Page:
The following is an interview with Rein Taagepera, professor emeritus of the University of Tartu, in Estonia, and the University of California, Irvine.
MOTYL: Professor Taagepera, you were the first social scientist to have studied the rise and fall of empires in a rigorous social-scientific manner. So let’s start with a big-picture question. Why do empires decay?
TAAGEPERA: Empires rarely stand still. They initially outrun their internal flaws through external expansion. Once they stop growing, these flaws accumulate. Expansion is self-reinforcing, and so is decay. To change course, one must give up on past glory and start anew.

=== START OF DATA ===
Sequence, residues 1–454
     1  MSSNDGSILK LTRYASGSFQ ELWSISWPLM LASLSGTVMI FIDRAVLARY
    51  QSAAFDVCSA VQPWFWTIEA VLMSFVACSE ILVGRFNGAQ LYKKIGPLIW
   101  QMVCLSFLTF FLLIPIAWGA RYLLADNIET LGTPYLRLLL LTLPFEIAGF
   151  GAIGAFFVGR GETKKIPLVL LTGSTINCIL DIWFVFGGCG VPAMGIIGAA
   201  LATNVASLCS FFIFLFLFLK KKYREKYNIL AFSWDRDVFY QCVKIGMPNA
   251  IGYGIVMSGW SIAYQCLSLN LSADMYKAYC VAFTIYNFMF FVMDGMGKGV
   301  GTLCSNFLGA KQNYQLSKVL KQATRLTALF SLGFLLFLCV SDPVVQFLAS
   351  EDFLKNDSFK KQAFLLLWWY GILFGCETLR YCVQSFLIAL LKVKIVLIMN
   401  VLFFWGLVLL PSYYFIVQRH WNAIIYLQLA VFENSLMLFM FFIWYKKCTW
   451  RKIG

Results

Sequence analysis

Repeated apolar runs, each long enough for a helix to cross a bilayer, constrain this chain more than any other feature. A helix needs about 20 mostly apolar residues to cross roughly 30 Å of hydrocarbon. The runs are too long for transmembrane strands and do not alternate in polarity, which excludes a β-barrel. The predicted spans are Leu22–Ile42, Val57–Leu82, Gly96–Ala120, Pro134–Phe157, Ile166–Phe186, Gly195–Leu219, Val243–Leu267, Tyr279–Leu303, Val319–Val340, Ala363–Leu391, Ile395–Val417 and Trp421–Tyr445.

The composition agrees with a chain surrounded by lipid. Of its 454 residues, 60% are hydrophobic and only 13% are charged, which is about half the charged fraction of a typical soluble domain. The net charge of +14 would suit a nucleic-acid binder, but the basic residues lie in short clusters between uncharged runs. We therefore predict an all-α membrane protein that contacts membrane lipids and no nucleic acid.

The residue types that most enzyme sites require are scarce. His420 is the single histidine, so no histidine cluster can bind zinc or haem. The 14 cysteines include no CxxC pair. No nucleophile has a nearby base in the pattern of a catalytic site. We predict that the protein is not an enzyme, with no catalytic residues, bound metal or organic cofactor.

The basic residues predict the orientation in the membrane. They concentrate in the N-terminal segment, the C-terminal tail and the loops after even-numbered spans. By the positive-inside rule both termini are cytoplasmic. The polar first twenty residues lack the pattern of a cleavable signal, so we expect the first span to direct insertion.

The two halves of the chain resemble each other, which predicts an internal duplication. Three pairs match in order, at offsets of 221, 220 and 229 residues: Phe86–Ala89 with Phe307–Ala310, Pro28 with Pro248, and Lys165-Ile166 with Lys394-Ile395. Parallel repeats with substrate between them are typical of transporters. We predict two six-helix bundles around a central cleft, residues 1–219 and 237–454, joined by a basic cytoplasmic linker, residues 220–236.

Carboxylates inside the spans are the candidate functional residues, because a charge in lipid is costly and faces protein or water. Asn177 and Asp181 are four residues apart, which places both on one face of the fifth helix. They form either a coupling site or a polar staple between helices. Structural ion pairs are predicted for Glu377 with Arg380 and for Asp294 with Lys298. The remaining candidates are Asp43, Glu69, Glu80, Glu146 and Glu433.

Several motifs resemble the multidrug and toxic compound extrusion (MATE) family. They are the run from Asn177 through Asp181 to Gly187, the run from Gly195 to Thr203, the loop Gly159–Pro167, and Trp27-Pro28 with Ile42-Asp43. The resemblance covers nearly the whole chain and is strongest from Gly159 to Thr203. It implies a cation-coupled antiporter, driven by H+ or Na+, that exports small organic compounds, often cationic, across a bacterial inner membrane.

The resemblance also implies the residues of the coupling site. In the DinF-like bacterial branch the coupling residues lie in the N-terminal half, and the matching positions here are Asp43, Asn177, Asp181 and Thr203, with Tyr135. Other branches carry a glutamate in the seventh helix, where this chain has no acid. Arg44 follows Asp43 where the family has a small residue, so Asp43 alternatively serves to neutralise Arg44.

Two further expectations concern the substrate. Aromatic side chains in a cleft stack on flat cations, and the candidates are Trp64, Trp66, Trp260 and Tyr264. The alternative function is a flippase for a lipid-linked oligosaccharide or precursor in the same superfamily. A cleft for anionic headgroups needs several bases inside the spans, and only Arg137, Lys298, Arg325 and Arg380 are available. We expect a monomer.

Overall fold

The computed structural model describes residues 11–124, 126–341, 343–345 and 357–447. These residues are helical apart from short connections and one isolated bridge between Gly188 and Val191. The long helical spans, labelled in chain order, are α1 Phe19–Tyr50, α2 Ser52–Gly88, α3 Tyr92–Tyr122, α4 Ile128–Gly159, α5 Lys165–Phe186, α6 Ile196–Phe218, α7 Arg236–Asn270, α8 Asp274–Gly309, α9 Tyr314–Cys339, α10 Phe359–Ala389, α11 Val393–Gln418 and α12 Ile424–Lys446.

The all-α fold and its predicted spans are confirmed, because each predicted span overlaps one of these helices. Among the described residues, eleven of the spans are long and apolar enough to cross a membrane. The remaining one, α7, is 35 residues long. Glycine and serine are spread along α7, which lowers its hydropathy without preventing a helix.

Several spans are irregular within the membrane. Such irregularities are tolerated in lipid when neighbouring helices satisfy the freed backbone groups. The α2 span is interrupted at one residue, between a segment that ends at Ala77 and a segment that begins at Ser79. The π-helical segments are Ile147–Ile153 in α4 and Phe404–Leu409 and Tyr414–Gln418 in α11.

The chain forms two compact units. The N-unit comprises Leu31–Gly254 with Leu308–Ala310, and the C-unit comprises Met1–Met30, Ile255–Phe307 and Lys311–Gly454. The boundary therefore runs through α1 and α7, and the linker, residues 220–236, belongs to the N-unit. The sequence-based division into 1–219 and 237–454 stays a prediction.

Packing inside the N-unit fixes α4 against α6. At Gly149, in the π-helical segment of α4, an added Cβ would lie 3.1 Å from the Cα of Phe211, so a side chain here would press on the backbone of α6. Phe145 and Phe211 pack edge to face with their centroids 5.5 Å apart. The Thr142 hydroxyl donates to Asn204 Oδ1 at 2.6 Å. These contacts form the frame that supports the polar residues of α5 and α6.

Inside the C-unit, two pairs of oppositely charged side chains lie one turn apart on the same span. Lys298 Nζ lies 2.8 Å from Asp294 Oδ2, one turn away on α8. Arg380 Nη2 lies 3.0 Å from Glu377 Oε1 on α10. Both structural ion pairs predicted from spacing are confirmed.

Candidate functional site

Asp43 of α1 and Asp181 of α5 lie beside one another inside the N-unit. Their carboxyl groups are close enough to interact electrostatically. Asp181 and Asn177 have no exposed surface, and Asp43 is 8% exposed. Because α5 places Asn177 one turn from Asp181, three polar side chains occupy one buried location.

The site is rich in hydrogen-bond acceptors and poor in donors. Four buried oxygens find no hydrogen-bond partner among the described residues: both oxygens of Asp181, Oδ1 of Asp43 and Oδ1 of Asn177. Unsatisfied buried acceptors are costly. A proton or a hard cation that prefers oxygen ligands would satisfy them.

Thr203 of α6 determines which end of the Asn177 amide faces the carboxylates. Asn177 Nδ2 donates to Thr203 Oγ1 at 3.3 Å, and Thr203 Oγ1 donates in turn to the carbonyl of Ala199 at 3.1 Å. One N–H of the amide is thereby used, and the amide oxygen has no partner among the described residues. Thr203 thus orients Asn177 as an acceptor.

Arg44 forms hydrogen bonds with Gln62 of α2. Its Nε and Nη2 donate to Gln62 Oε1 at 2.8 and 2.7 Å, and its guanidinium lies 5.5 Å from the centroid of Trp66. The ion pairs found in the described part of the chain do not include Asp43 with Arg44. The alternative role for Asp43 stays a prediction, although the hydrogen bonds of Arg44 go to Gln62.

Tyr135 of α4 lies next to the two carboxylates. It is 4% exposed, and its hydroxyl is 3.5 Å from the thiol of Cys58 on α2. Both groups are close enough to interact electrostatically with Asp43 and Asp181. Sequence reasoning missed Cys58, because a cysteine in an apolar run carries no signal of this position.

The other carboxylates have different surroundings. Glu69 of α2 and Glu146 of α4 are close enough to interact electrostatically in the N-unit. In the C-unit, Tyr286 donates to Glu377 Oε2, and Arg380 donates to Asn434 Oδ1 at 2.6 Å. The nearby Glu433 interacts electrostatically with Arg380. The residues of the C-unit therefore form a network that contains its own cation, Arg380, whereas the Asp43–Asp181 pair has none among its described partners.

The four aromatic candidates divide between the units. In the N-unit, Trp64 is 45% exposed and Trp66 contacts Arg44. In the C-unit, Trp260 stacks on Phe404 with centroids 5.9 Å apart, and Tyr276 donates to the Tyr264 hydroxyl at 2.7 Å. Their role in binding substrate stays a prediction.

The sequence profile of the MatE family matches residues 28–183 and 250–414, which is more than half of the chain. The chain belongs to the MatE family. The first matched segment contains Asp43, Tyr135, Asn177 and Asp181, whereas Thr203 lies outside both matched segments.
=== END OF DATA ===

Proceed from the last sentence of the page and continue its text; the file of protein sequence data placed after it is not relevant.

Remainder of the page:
MOTYL: How do empires react to decay?
TAAGEPERA: It is psychologically easier to give up on overseas holdings than on territorially contiguous ones, however disparate these may be ethnically. While losing vigor, Poland-Lithuania and Austria-Hungary largely maintained their territory, until their final collapse. In contrast, the Ottoman Empire began to lose ground slowly already in the 1700s.